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THE AUSTEN ESCAPE: A Novel Novel ~Katherine Reay

Monday, November 20th, 2017

Falling into their past will change their futures forever

Do you love reading Jane Austen?   Then I cannot encourage you enough to read THE AUSTEN ESCAPE.  A wonderful book and a most enjoyable read.   I have now read it 2 times and I am taking it on a small vacation with me.   Reay has captured Austen’s conversation style and the format of the book deals with conventions, economics, and circumstance that are abundant in our current times. The story builds and flows as though Austen is writing it herself.  Wonderful read.

About the author:
Katherine Reay has enjoyed a life-long affair with the works of Jane Austen and her contemporaries—who provide constant inspiration both for writing and for life. She is the author of three previous novels, and her debut, Dear Mr. Knightley, was a 2014 Christy Award Finalist, winner of the 2014 INSPY Award for Best Debut, and winner of two Carol Awards for Best Debut and Best Contemporary. Katherine holds a BA and MS from Northwestern University and is a wife, mother, runner, and tae kwon do black belt. After living all across the country and a few stops in Europe, Katherine and her family recently moved back to Chicago. Visit her on line at katherinereay.com.

Mary Davis is a design engineer working at her “perfect” job although she has a new supervisor who is critical and negative about her work.  She likes control and her set patterns in life while doing everything herself.  It is proving hard to go into work and her love interest is a consultant who is moving onward and does not seem to know that she is interested.

Isobel, Mary’s best friend since second grade, is working on her Doctorate on Jane Austen and her books.  Isobel’s mother left when she was young and her father never had time for her so Isobel adopted Mary’s family as her own.  Isobel is going to a two week retreat to Bath, England to live out a complete experience of being in Austen’s time period and she is insisting that Mary take some time off from her work frustrations and come to the retreat with her.  The trip is all paid for and Mary’s father insists that it is a good idea; she has not taken a break since her mother’s death.  Mary decides to attend and starts re-reading the Austen books.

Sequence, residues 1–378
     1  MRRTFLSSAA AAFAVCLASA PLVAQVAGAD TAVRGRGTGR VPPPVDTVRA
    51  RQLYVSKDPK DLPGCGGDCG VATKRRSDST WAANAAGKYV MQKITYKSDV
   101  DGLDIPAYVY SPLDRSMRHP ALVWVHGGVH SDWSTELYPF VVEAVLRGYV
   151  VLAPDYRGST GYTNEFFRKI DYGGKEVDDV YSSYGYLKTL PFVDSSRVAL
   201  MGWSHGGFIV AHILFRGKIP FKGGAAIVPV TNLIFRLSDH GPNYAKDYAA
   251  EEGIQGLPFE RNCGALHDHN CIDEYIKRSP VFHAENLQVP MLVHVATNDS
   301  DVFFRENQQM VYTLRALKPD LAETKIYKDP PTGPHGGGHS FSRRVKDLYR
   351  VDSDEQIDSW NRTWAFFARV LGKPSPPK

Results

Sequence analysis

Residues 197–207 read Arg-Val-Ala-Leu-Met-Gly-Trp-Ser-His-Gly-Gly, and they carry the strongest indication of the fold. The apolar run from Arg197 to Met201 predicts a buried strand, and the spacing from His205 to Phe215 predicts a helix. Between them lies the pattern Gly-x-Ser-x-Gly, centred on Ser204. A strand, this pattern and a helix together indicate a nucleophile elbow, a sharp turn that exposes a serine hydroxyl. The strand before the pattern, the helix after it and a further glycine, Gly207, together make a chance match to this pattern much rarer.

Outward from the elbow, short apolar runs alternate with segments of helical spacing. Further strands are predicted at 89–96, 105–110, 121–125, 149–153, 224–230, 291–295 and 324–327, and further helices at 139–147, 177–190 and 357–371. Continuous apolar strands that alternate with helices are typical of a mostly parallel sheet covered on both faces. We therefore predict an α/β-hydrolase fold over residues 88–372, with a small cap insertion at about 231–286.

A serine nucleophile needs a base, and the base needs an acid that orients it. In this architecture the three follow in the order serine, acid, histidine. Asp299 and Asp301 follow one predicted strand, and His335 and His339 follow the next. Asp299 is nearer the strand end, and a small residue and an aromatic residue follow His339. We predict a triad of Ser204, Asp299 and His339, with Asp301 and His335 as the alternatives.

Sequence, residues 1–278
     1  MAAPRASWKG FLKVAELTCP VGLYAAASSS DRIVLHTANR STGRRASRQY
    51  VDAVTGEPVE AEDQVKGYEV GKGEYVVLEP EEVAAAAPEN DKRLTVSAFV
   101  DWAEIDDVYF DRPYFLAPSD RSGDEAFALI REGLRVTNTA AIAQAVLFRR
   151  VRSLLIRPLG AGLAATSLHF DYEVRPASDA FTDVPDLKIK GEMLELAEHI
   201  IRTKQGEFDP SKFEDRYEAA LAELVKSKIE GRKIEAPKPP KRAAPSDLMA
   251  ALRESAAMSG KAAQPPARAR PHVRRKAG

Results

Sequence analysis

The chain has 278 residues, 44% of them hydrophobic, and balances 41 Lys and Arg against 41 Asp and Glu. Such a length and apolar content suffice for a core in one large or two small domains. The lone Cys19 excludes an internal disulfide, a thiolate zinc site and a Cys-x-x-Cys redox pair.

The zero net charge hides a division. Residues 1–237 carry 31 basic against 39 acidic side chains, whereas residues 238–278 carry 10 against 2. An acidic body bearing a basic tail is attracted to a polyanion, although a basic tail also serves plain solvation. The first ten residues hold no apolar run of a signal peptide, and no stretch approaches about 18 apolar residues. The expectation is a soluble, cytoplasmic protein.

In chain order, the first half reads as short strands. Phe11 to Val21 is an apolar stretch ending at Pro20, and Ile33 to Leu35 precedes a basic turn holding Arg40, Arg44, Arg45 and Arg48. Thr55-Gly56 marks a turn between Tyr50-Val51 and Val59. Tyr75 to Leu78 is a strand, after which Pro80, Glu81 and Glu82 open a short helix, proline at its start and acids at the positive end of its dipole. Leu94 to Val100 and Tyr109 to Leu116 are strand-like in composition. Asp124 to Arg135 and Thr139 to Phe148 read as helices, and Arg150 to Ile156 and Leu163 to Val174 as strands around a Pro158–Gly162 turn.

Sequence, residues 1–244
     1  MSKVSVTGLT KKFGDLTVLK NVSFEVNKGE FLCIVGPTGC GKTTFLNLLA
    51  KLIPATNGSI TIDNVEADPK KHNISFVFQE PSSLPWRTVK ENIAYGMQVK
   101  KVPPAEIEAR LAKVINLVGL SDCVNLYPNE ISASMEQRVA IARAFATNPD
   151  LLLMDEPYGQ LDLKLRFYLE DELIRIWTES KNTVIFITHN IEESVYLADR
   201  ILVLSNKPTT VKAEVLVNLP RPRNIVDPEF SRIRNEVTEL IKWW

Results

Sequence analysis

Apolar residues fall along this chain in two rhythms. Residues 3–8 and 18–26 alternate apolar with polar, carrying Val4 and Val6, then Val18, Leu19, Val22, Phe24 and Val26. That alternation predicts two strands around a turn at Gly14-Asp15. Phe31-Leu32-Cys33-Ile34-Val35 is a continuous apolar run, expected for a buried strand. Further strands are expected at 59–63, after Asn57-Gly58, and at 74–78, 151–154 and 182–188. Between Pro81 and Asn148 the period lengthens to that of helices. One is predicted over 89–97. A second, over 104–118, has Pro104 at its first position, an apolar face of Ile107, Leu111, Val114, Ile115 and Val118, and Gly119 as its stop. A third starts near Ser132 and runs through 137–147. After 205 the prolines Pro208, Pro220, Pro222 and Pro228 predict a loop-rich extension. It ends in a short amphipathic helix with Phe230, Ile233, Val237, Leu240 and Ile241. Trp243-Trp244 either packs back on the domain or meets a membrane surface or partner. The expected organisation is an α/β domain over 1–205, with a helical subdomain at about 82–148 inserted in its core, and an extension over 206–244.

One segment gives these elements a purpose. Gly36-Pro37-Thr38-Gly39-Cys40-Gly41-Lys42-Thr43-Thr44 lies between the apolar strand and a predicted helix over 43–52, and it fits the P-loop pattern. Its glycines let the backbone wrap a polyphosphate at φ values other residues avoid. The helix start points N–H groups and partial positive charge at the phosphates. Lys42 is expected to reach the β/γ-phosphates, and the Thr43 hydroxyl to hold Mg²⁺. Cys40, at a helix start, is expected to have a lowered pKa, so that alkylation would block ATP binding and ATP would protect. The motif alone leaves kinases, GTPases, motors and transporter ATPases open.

The English Manor House where the retreat is held is stunning and the other guests on the retreat very interesting indeed.  The reproduced clothing is elegant and refined and they all pick an Austen character to enact for their stay.  Isobel’s father chooses this moment to overwhelm her with awful news and causes Isobel a small mental breakdown and truly believes she is in Bath and that she has become Emma.  Mary is left to guide her back to herself and in the process makes some terrible discoveries about their relationship, which entails some major working through – including working out her “perfect” job problems and making changes.

The book is most interesting and carries through the story line well and with great Austen-like aplomb.  I am sure my daughters would enjoy this book to the max.   I can highly recommend it and I am so happy that THE AUSTEN EXPERIENCE was sent to me for review.

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Related:
The Forbidden Garden
The Fifth Petal

THE DOLL FUNERAL: A Novel ~Kate Hamer

Monday, August 21st, 2017

After reviewing THE GIRL IN THE RED COAT, I was a bit hesitant about this book.  I was so in empathy with the young mother who’s daughter had been adducted and I had to keep turning the pages to find the outcome and release.  THE DOLL FUNERAL is also a well-written book and very captivating, but certainly not of the intensity of the first book I read.  It was actually a relief that it was more of a fantasy story- the imagination providing survival.

A couple that has lost their own baby has adopted Ruby.  The new mother is not a strong person and the new father is very abusive to Ruby.  As this child becomes a teenager she is searching for answers about her birth family, which, she believes will find her or come to her if she just believes this to be true.  Ruby is acting out and often using fire to make her point perfectly clear.  With grandmother’s death she does not feel that she has a comrade or any answers, but she continues to recite ideas that this kind person shared from her cottage deep in the forest.  We are treated to little tidbits of ALICE IN WONDERLAND.